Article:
That would be fine, electrically no different to using stranded wire.
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Little John



Joined: 08 Mar 2008
Posts: 8500
Location: UK

PostPosted: Fri Oct 19, 2012 6:52 pm    Post subject: Reply with quote

Catweazle wrote:
stevecook172001 wrote:
Catweazle wrote:
stevecook172001 wrote:
Would simultaneously winding three, identical, single-core, 30-amp wires exactly the same number of turns on the secondary side and then connecting their respective ends as they came out of the secondary, thus presumably combining their output, produce the same voltage/amperage output (combined) as using one single core 90 amp wire? .


That would be fine, there is no need to use single cored wire in the transformer, you could use heavy stranded wire if you like.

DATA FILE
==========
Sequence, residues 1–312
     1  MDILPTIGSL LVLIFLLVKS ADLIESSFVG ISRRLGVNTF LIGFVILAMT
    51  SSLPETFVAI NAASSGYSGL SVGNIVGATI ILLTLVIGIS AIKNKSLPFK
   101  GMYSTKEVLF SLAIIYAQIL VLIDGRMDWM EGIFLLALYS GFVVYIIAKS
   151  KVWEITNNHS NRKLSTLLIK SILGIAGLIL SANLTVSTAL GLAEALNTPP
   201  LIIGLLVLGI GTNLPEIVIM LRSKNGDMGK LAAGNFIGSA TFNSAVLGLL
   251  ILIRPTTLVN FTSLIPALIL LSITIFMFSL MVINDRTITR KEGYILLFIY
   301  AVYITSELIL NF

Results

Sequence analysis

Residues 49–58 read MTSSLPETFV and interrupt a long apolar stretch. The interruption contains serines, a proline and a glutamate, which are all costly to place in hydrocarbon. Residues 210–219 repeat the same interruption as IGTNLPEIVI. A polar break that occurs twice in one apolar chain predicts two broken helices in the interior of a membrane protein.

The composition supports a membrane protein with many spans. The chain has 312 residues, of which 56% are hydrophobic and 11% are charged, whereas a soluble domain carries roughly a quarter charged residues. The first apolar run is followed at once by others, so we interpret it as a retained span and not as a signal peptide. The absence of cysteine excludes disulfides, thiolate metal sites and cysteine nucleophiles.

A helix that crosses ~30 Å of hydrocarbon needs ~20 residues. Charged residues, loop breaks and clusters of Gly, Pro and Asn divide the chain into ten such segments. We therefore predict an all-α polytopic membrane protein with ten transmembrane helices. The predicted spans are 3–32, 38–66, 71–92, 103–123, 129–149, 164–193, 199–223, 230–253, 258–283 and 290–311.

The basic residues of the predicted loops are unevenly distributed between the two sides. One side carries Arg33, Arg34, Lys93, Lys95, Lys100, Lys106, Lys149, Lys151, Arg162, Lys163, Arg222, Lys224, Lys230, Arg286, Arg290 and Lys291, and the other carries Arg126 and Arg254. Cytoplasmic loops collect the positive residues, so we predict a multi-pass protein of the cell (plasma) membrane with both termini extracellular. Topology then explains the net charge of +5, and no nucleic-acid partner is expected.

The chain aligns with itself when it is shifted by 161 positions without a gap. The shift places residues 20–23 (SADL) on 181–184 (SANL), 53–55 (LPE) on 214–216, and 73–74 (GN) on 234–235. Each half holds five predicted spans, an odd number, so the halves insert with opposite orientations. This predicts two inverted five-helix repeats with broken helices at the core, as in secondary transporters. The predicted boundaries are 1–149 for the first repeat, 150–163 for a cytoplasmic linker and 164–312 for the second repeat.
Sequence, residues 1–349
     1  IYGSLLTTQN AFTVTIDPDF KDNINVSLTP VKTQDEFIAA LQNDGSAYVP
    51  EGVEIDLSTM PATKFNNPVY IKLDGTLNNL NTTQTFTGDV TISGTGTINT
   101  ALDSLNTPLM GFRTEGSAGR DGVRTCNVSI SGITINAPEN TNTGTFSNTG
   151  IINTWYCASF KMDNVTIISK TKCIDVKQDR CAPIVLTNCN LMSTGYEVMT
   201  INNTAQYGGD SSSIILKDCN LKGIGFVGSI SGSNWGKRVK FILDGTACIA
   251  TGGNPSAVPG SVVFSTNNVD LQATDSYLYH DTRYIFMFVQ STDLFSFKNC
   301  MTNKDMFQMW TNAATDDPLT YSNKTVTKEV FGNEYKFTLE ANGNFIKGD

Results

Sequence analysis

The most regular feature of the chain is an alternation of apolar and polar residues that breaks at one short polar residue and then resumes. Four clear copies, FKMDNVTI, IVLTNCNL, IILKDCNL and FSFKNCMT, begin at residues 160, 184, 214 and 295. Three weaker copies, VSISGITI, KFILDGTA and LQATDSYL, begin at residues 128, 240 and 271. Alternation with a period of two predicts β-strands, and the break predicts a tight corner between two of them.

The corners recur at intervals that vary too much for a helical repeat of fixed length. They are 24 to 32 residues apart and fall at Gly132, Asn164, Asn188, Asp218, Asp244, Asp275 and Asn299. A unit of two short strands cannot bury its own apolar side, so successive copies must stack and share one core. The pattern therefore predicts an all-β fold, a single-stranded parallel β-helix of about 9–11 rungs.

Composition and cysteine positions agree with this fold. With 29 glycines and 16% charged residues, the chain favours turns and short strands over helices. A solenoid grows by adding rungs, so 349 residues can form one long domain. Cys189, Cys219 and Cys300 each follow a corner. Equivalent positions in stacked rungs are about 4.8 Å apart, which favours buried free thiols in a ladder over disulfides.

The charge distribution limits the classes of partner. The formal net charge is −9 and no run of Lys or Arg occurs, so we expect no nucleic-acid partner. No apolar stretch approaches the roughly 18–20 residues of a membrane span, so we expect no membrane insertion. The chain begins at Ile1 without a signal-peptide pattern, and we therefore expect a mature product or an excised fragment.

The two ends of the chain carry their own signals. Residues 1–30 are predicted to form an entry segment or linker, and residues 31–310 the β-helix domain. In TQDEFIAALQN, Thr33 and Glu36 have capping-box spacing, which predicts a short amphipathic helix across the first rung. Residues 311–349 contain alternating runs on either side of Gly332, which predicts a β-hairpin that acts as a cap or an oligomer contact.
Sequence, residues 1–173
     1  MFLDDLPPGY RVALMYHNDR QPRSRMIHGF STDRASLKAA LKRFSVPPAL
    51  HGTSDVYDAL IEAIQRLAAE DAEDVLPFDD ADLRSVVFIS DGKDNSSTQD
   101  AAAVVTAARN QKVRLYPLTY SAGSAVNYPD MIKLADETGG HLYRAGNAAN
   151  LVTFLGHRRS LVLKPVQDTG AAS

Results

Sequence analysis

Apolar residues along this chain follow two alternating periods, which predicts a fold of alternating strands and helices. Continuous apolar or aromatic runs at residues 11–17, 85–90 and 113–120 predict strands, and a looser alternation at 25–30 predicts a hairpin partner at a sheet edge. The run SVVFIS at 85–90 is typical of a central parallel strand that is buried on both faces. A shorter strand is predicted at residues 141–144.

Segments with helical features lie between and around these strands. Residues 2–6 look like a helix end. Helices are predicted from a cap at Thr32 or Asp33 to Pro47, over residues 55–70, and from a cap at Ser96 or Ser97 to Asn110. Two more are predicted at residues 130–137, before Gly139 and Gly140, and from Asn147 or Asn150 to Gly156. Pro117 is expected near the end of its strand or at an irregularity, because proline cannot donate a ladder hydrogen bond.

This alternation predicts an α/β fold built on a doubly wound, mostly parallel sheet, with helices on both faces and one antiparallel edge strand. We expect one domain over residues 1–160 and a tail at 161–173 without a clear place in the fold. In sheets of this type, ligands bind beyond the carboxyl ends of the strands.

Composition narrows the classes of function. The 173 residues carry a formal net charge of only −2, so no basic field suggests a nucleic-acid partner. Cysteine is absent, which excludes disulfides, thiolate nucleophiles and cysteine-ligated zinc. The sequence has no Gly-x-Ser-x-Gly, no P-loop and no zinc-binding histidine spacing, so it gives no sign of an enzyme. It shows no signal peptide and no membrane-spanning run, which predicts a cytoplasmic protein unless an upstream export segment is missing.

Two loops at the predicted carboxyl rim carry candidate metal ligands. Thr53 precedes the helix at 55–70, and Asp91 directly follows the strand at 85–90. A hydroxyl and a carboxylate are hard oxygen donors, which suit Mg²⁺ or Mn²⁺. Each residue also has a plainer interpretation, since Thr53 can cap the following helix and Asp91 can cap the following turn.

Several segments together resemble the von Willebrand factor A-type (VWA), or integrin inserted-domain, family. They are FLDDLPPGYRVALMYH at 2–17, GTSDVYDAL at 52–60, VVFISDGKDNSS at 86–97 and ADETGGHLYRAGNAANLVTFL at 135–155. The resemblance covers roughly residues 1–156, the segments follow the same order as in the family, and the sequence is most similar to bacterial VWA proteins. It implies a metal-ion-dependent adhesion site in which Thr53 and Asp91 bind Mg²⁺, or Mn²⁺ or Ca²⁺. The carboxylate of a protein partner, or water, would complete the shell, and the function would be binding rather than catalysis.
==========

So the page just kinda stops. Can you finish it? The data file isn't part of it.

Ah yes, I know about using stranded wire as opposed to using solid core Cat. What I am referring to is taking 3 independent, insulated, 30-amp wires of identical resistance and winding them simultaneously and then joining their respective ends (positive to positive and negative to negative) when they came out of the secondary. Assuming that they were wound to produce 40 volts and (given the total wattage) the total amperage available was, say, 90 then I am assuming that each of the 3 individual wires would pick up 30 amps each on the winding, which would then be recombined when they came out of the secondary to produce a combined amperage reading of 90 amps.